There's nothings more challenging than choosing a printer today. With a variety of models, brands and technologies, you're going to need the help of our resident super sleuth to figure this one out!
This is the first time I'm mentioning this, but reading happens to be my favourite hobby. I've collected more than 600 books thus far! Nowadays, however, I'm most often reading PDFs and e-books, and this was one of the reasons I bought a Nokia N80.
However, I find reading on such devices is a pain, especially for extended periods. How about printing them out? My older HP DeskJet 640C has been in operation for the last seven years, and has now lost its ability to deliver crisp printouts. I just had to buy a new printer, and since we haven't done a good printer comparison for almost a year now, the setting seemed perfect for me to go about my business.
In the good old days, selecting a printer was a no-brainer: there were only a few models to choose from, and each had a distinct advantage over the other. But now? Too many models, extremely focused categorisation, and the significant onslaught of MFDs. Further, "should I opt for an inkjet or a laser printer" is the question one has to answer before buying.
Instead of narrating how I went about buying a printer for myself, I've decided to touch upon these issues.
Nearly everyone who buys a PC ends up buying a printer, and this very demand has ensured easy availability of printers, which earlier were quite expensive; in addition, very few dealers were selling them. When it comes to printers, India has been a very pro-HP country, pretty much like it is pro-NVIDIA in the graphics card category. But you also get good printers from Canon, Lexmark, Epson, Xerox, Samsung, and Brother.
A home user can buy an inkjet for as little as Rs 2,250; the Epson C45, to be precise. In the same league, you get HP's 2360, which costs about Rs 2,400, as well as the Canon IP 1000, for the same price. The Lexmark Z645 also falls into this category. Before you invest in one of these entry-level printers, make sure to ask about cartridge prices; most often, it would work out to be the same or a little less than what you paid for the printer. These printers are for those who print like ten pages a week.
Moving up the ladder, HP has the DeskJet D4168 that retails at Rs 3,750, and Canon has its Pixma iP3300 retailing at Rs 5,500. Epson has its Stylus C58, C79, and C87 in this range, retailing at Rs 3,250, Rs 4,150 and Rs 5,000 respectively. Printers in this range are for people who print around a hundred pages a week-typical office desktop usage.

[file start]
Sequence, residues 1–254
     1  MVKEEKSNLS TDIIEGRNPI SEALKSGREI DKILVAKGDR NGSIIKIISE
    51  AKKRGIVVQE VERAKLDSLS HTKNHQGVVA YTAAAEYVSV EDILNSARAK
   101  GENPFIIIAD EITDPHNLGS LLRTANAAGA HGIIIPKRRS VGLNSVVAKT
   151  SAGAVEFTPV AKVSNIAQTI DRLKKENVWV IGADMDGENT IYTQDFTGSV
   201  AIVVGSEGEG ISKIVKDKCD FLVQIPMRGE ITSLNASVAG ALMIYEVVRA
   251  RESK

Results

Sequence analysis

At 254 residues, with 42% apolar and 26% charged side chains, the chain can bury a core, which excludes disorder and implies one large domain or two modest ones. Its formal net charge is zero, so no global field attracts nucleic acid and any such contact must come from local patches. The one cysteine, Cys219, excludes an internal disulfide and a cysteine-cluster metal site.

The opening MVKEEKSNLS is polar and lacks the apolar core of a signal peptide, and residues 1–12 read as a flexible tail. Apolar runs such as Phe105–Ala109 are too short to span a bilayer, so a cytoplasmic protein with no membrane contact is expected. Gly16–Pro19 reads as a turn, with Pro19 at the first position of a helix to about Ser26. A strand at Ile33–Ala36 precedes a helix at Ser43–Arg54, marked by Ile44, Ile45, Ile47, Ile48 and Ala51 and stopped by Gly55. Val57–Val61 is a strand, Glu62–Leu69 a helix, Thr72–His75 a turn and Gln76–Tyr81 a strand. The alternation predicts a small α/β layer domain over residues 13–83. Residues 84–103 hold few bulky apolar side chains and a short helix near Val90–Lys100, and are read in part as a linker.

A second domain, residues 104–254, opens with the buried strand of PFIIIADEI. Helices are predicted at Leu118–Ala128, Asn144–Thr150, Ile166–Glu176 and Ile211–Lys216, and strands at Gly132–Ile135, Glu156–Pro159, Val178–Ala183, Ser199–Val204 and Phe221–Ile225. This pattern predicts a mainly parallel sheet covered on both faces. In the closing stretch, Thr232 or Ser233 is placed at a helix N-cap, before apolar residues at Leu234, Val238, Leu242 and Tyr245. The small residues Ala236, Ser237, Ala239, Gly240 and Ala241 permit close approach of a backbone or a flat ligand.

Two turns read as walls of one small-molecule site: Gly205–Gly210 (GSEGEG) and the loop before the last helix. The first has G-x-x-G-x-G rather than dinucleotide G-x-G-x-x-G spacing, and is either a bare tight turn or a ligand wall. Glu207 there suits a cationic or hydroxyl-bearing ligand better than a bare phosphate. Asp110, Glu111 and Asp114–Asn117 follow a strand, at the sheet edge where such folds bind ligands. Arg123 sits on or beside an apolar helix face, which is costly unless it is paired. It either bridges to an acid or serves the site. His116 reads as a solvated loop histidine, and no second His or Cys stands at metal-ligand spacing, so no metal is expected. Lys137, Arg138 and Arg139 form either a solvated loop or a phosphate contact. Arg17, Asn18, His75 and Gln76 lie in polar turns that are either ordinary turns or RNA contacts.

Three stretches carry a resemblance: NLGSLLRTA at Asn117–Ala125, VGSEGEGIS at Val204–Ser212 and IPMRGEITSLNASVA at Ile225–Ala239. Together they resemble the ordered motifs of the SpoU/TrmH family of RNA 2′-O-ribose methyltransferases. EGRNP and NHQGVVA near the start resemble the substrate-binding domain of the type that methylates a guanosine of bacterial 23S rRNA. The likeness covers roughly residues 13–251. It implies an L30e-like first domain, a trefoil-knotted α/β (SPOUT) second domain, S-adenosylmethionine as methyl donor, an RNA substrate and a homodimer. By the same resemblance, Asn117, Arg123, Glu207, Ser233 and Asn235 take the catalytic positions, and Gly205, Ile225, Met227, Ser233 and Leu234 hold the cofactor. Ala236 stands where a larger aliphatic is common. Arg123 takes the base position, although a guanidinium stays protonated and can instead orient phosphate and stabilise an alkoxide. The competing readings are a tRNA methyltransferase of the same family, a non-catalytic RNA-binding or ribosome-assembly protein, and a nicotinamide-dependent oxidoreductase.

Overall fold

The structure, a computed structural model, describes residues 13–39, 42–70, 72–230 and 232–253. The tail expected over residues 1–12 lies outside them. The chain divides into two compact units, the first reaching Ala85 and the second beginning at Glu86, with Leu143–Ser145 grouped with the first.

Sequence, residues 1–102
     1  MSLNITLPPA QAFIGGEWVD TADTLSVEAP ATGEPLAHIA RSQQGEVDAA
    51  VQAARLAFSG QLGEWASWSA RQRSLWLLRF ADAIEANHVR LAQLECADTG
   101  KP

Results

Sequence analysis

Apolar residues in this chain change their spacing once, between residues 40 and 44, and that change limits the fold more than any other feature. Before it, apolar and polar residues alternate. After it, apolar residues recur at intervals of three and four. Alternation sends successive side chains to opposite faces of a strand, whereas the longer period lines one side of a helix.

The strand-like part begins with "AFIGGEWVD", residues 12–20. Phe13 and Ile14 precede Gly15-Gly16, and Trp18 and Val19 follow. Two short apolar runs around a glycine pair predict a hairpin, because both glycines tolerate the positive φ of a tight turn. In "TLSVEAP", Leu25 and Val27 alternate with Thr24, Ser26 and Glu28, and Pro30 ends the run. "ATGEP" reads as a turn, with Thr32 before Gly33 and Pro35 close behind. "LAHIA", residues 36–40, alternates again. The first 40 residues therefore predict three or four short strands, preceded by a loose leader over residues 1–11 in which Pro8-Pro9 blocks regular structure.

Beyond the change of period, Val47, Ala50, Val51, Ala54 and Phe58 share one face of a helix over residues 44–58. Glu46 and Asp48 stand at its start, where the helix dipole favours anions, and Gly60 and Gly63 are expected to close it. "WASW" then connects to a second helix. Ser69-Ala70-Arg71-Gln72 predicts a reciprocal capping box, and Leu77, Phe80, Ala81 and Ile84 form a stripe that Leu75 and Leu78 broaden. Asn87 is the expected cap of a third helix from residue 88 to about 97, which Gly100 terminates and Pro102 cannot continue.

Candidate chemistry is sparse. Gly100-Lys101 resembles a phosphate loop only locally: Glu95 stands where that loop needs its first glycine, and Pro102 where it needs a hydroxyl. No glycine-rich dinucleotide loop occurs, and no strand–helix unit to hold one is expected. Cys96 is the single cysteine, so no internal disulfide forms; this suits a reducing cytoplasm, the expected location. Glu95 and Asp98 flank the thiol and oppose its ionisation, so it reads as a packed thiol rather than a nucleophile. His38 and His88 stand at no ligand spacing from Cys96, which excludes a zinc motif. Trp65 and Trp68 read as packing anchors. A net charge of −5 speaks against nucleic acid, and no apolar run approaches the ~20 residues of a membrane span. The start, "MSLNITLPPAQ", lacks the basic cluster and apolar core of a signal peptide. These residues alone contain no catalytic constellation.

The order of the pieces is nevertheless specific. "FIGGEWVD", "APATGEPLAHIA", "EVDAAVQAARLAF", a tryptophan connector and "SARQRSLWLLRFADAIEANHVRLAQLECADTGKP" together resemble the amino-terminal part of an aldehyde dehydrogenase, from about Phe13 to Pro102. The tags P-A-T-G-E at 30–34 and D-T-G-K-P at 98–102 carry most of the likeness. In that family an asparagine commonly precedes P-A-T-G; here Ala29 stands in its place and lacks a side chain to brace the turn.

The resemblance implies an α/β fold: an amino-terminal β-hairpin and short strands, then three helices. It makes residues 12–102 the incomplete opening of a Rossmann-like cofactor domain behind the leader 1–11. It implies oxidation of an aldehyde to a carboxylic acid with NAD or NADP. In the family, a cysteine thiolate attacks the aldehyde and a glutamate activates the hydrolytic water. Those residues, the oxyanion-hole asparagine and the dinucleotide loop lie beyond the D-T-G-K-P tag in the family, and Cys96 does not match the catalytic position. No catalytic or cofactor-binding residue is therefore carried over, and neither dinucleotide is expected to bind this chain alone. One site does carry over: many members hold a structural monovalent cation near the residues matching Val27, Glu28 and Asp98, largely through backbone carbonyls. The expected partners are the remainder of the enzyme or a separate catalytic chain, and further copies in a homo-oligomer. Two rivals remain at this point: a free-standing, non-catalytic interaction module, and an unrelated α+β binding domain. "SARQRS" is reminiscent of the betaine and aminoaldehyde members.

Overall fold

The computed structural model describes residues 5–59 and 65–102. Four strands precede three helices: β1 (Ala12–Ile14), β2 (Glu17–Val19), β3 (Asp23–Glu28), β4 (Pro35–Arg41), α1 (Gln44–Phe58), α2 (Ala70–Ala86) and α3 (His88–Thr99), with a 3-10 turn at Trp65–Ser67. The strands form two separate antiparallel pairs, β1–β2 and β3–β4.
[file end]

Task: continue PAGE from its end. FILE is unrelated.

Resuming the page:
Moving on, the price of the "average" laser printer has fallen to an affordable Rs 6,000. Almost every vendor has a laser printer for mass consumption. HP, Canon, Samsung, and Xerox are the major players in the mass-market category. HP's LaserJet 1020 and LaserJet 1022 are mono lasers available at attractive prices of Rs 6,900 and Rs 9,700 respectively. Samsung, has their ML-1610 at a low Rs 5,000. Samsung also has the ML-2010 and ML-2570 , which are higher-spec laser printers, featuring faster printing speeds. Similar to entry-level inkjet printers, these entry-level laser printers require cartridges (laser cartridges) that often cost around Rs 3,000, and can print around 2,500 pages. These lasers are good for typical office desktop usage, but not for a large team.
When colour laser printers were introduced, they cost too much; however, in recent months, they have seen a drastic price drop. The HP Colour LaserJet 1600 can be had for Rs 15,000, and the souped-up LaserJet 2600n that used to cost Rs 40,000 can be bought for Rs 19,000. Samsung recently introduced the CLP-300, an entry-level colour laser. It retails at Rs 14,500.
While talking to a HP dealer, I came across the new HP Officejet K550 Pro. This is a business-class inkjet, and is supposed to deliver better performance than a laser, or at least on par. The demo the dealer gave me proved its capability-good speeds, high-capacity cartridges, and superb print quality. The attractive pricing of just Rs 8,999 sold me, and I coughed it up immediately-but why not a laser? Well, with an inkjet I can print good quality colour prints not possible even on a colour laser. Bet you didn't know that!